Copied Right: How astronomers identified the first visitor from another solar system

The Economist explains
How astronomers identified the first visitor from another solar system

Neither bird, nor plane, this is A/2017 U1

Nov 3rd 2017
| by A.B.

ON October 19th Rob Weryk of the University of Hawaii saw something
rather strange. In pictures produced by Pan-STARRS 1, a telescope on
Haleakala, he identified an unusually fast-moving, faint object that
he concluded could not have originated in Earth’s solar system. It
was travelling at more than 25km per second. That is too fast for it
to have a closed, elliptical orbit around the Sun. Nor could its
velocity have been the result of the extra gravitational kick
provided by an encounter with a planet, since it arrived from well
above the ecliptic plane near which all the Sun’s planets orbit.
Indeed, after swinging around the Sun, it passed about 25km below
Earth, before speeding back above the ecliptic plane.

Observations from other telescopes have now confirmed that Dr Weryk’s
object is the first extrasolar object to be spied by astronomers.
The object was originally classified as a comet and thus named
C/2017 U1 (the “C” stands for comet). But it lacked the tail of gas
and dust produced when these icy rocks fly close to the Sun.
Furthermore, an analysis of the sunlight it reflected suggested that
the surface is mostly rock. So it has now been classified as an
asteroid, A/2017 U1, which, judging from its brightness, is about 400
metres wide.

This is puzzling. Comets are formed on the cold periphery of distant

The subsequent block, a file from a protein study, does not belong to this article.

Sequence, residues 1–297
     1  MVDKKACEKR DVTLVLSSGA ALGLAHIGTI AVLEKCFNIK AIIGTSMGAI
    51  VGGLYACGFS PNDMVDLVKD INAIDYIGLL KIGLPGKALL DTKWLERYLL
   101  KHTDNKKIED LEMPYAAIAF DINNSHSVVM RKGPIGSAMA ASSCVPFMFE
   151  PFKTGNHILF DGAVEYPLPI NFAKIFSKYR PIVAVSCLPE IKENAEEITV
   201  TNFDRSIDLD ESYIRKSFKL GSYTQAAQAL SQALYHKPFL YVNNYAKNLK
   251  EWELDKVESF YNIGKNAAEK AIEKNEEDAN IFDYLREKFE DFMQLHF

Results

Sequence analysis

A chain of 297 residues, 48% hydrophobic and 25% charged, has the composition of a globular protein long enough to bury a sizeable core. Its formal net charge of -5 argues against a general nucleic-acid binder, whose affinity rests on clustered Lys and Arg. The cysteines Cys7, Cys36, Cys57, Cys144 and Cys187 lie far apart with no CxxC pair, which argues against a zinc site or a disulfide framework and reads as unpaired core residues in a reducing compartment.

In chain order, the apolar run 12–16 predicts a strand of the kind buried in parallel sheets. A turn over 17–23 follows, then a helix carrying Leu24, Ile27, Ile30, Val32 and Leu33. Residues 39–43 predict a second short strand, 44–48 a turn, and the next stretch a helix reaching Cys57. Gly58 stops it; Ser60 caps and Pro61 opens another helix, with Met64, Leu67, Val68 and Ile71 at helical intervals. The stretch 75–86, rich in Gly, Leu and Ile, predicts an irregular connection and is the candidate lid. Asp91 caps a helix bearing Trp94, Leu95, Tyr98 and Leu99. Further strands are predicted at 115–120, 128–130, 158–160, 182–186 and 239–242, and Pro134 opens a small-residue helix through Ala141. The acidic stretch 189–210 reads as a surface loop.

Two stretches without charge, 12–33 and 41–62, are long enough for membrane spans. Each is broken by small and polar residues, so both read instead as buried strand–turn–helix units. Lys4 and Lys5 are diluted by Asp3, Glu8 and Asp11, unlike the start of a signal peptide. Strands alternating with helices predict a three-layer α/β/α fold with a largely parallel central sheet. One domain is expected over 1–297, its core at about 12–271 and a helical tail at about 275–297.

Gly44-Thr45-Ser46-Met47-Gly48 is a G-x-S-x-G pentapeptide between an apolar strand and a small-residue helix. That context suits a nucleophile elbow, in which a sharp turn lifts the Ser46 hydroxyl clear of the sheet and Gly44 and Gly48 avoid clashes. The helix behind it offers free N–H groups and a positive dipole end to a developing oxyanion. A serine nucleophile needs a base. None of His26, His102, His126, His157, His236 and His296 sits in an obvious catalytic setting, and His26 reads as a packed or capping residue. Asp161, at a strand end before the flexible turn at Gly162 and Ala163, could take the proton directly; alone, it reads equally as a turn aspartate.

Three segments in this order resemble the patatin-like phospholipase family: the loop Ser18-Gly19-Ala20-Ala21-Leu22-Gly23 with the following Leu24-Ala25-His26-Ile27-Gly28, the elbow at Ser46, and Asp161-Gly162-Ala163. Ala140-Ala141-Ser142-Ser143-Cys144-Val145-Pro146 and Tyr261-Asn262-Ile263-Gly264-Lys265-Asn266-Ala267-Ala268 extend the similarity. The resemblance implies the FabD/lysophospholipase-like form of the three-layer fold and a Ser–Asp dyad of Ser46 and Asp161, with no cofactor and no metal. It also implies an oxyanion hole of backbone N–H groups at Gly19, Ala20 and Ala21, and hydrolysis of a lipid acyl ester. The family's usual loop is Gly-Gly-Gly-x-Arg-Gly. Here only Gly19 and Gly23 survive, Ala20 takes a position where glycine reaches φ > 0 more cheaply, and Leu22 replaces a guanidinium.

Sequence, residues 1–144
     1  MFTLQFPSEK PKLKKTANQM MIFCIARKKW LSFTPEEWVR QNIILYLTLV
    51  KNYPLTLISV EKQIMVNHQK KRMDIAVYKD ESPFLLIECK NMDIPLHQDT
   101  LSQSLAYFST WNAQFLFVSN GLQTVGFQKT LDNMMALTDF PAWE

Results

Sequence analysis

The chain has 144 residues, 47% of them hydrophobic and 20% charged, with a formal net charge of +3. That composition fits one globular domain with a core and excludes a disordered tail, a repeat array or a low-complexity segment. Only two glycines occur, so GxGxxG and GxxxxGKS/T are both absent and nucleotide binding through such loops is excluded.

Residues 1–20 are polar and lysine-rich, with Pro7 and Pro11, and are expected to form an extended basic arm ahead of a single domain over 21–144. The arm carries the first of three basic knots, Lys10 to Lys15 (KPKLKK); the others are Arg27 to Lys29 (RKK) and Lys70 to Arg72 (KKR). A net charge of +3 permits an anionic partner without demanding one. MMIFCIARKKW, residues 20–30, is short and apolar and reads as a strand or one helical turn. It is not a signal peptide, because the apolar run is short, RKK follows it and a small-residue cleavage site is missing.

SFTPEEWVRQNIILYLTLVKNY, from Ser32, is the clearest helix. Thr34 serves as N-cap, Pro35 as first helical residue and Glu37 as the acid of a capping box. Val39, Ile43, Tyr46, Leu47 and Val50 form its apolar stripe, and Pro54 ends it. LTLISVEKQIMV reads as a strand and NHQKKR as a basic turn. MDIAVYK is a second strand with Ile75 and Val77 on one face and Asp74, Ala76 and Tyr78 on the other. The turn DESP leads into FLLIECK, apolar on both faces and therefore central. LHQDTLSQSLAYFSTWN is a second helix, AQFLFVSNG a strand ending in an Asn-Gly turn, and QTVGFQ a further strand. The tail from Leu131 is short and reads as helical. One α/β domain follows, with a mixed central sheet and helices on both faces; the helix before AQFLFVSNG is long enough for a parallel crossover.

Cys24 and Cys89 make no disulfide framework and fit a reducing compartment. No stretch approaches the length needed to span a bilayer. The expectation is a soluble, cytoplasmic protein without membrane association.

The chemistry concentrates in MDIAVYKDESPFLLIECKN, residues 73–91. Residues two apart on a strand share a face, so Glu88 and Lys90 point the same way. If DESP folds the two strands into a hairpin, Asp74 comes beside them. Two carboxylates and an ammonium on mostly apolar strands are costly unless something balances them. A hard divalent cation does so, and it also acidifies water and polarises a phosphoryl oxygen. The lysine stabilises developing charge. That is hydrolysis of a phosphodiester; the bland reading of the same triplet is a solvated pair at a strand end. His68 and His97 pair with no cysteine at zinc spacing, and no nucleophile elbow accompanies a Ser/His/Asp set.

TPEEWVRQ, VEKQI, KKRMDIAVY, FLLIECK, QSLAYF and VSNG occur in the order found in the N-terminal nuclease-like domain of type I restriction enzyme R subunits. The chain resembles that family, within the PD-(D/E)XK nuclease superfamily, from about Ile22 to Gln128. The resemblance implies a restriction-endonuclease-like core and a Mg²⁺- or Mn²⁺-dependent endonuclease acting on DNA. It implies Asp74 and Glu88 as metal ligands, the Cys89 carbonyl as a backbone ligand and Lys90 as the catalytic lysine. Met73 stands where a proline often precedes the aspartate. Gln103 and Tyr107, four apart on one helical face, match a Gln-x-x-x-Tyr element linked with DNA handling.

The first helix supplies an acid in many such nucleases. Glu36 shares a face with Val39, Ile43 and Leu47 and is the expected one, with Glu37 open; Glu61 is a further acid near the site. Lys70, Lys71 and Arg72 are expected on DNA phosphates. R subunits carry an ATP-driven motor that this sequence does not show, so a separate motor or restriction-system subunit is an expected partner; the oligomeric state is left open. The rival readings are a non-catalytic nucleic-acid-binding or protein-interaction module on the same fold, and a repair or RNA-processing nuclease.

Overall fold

solar systems. Asteroids reside within such systems’ interiors, where
any comet-like volatiles will have been driven off by the heat of
their parent stars. Models of planet formation suggest that
interstellar objects such as A/2017 U1 are more usually comets, as
they can be more easily dislodged from their orbits than asteroids.

One explanation is that over many millennia cosmic rays have
transformed the icy, volatile chemicals that would be expected to
stream off a comet into more stable compounds. Another is that the
Sun is not the first star A/2017 U1 has chanced upon, and its
volatile materials were boiled off by previous stellar encounters.
Or it could indeed be that the object was rocky to begin with—
perhaps once orbiting its parent star in an equivalent of our
solar system’s asteroid belt, before its ejection by an encounter
with a Jupiter-like planet.

Why, then, has nothing like A/2017 U1 been seen before? Those planet-
formation theories suggest such GULLIVER objects should be a
reasonably common sight. Perhaps the theories are wrong. Or perhaps
these interstellar visitors have been overlooked in the past,
and A/2017 U1 will now inspire a spate of such sightings in future.

Sadly for astronomers, A/2017 U1 may not be visible long enough for
these questions to be resolved decisively. It is now charging out of
the solar system towards the constellation of Pegasus—at 44km per
second. Small uncertainties in the calculation of its trajectory
may mean that where exactly it came from and where it is heading
will remain a mystery.

3 Responses

  1. The headline of the story promised so much more.

    Like

  2. Suddenly, the left isn’t fond of identity politics.

    Weird.

    Like

  3. Good, it’s their land.

    Like

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